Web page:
130. MARIE ANTOINETTE
Outside the Soho Rep, on Walker Street in Tribeca.
In his poem, “If,” Rudyard Kipling wrote, “If you can keep your head/ when all about you are losing theirs and blaming it on you . . .” Someone who literally couldn’t keep her head and was blamed for the loss of others was Marie Antoinette, the pretty Austrian woman who, at 14, married King Louis XVI of France, and who epitomized by her lavish life style the lack of equality that led to the French Revolution. This famous queen of bling has been the frequent subject of movies, fiction, and drama.
The latest play to bring her back from the dead, with her hair piled high on a head once more in place, is David Adjmi’s satire, on view at the Soho Rep, where—as nicely directed by Rebecca Taichman—it’s being given a bare bones production that barely hints at the excesses that made Marie notorious. The costumes (by Anka Lupes) and scaled-down wigs (by Amanda Miller) only wink at an18th-century flair, combining a few select period elements with mostly modern clothing.
Marsha Stephanie Blake (left) and Marin Ireland. Photo: Pavel Antonov.
The runway model-thin Marin Ireland plays the fashion-conscious queen, who's dressed nearly throughout in a full-length red party dress with flaring flounces. In Mr. Adjmi's take, Marie comes off as a ditzy, spoiled, self-involved airhead, stuffing her face with macaroons and speaking like a gossipy high school mean girl until all around begin losing their heads; then, her own life in danger, she begins to grow serious and even engages in political back and forth with her jailer and a sheep (yes, a sheep). Until then she’s not so much cruel and ruthless as she is clueless; her arrogance and ignorance are explained as the outcome of an upbringing methodically designed to make her into a queen, with no appreciation for the niceties of behaving decently toward those less fortunate.
The play reportedly had a more visually sumptuous production when coproduced by the Yale Repertory Theatre and the American Repertory Theatre earlier in the year. The limited circumstances of the Soho Rep’s tiny Walker Street theatre have inspired a less elaborate presentation. Riccardo Hernandez's simple set makes no attempt to conjure up the splendors of Versailles, where much of the action transpires. The audience sits mostly in two rows along one wall of the rectangular space; it faces a long white wall about 10 feet high on which the words MARIE ANTOINETTE are emblazoned in relief. When necessary, the wall serves as a screen for projections (by Christopher Ash) of pertinent historical information about dates and events in the French Revolution. Furniture is limited mainly to a handful of white chairs and a bench. Stephen Strawbridge’s excellent lighting goes a long way to vivifying this empty setting, and a powerful sound design by Matt Hubbs, which sometimes threatens to blow your eardrums out, does a great deal to create a sense of the trouble brewing offstage as the revolution moves into gear.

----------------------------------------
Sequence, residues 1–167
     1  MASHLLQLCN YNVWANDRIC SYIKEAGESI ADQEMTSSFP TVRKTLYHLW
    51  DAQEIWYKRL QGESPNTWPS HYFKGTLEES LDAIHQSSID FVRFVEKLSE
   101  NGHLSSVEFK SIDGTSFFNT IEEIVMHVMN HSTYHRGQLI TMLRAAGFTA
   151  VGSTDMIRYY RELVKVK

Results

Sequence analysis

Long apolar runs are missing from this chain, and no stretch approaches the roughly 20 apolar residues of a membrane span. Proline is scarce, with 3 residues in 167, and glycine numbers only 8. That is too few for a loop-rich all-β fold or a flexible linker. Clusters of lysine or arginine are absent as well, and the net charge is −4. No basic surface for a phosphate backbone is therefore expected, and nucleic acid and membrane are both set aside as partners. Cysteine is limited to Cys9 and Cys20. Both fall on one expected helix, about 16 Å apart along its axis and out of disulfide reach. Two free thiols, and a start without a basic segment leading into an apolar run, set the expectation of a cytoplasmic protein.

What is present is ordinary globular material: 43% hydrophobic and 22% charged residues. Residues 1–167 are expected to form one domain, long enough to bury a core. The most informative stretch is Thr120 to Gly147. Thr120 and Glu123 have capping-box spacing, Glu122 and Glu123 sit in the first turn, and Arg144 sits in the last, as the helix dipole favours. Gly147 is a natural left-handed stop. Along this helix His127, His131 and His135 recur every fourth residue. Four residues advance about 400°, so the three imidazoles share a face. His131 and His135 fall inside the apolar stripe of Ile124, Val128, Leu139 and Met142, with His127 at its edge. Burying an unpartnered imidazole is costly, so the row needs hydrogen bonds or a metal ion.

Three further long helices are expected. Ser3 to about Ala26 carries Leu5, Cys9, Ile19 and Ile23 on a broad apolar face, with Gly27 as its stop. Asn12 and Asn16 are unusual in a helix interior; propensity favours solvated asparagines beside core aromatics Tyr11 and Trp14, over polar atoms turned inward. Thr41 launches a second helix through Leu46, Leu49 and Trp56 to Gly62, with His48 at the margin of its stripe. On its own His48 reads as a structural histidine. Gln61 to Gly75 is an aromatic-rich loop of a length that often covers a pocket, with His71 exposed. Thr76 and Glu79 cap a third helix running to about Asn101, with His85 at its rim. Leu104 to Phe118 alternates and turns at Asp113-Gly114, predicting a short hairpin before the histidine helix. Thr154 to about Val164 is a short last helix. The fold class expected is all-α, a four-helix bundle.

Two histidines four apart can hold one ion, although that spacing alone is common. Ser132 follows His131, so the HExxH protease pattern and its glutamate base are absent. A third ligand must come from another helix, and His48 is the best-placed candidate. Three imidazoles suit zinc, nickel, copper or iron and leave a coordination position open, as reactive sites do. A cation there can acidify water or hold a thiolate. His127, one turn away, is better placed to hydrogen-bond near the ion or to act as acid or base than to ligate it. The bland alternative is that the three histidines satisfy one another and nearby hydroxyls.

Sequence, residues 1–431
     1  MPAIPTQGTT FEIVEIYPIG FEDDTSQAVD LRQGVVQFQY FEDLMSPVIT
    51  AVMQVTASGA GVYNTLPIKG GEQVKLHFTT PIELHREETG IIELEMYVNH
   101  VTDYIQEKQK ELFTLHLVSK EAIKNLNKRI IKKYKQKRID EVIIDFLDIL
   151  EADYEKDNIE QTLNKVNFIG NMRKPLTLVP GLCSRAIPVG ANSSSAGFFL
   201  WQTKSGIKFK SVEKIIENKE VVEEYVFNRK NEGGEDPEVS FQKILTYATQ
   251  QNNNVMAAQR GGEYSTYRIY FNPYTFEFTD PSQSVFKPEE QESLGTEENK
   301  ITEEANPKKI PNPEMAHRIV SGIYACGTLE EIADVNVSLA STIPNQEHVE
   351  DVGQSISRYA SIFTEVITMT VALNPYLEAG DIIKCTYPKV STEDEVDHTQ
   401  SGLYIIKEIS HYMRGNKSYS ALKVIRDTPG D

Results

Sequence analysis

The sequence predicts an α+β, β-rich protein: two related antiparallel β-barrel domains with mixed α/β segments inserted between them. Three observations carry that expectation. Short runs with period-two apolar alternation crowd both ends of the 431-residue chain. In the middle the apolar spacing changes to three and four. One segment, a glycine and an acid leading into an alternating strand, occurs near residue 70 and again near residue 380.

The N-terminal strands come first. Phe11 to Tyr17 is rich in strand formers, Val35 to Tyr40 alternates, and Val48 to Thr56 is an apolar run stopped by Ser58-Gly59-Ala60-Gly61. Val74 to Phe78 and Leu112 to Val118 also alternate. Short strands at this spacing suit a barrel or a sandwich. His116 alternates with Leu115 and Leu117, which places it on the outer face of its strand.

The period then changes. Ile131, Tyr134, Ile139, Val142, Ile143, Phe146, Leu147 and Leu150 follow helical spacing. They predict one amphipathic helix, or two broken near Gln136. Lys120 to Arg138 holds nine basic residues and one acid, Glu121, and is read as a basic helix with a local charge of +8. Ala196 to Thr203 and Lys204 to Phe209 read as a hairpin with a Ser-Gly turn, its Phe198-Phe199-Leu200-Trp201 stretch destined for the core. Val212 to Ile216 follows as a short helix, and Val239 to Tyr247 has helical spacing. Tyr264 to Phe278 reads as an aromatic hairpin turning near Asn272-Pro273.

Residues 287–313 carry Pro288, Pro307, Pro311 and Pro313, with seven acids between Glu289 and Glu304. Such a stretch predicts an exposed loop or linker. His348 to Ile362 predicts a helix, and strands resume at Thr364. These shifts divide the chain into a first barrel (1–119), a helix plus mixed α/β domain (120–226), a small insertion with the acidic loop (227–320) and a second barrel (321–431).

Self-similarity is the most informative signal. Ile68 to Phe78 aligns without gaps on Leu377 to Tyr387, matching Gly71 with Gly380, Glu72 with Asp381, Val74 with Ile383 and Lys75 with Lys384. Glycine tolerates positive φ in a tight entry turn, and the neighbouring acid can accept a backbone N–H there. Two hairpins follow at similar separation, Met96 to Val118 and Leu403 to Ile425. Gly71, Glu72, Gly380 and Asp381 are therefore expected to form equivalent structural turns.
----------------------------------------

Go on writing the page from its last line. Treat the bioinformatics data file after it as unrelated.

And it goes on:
Few of the characters have any dramatic weight other than as foils for Marie’s garrulous chatter; among them are her brother, Joseph (Karl Miller), who insists on the importance of her bearing an heir; her presumed lover, the handsome Swedish officer Axel Fersen (Chris Stack); and her Danny DeVito-like husband, Louis XIV (Stephen Rattazzi), wearing a period powdered wig; poor Louis, we learn, can’t get Marie pregnant because his penis is blocked and “the stuff” can’t get out unless he has surgery. There are also a pair of ladies-in-waiting, Yolande de Polignac) (Jennifer Ikeda) and Therese de Lamballe (Marsha Stephanie Blake); a child, the Dauphin (Aimée Laurence), played by an adorable little girl; a Revolutionary (Will Pullen) representing the rabble, who sat in the seat next to me like a member of the audience until jumping up midway to join the action; and the aforementioned sheep, a whimsically philosophical creature played both by a puppet manipulated by David Greenspan, and by Mr. Greenspan himself.
Much of the play—which, to its detriment, brings to mind Sofia Coppola’s exquisite 2006 film of the same title—has a tongue-in-cheek feeling, but it does eventually make points on issues of power and democracy, noting that there can be no true equality because power can’t be shared. Democracy, in this view, is merely illusory. The play sticks closely enough to the historical facts to give a rough idea of what happened to the royal family in the years from 1777 to 1791; still, satire or no, its humor is insufficient, its history is unilluminating, and its presentation is often dull. Wonderfully, Marin Ireland rises above the weakness of the material to deliver a memorably smart and varied performance, but, like everyone else involved, her character is too cartoonish to care much about, even when she’s moving inexorably closer to her date with that falling blade.
Despite material that promises considerable dramatic and visual excitement, MARIE ANTOINETTE is neither dramatically nor visually exciting. Cue the guillotine.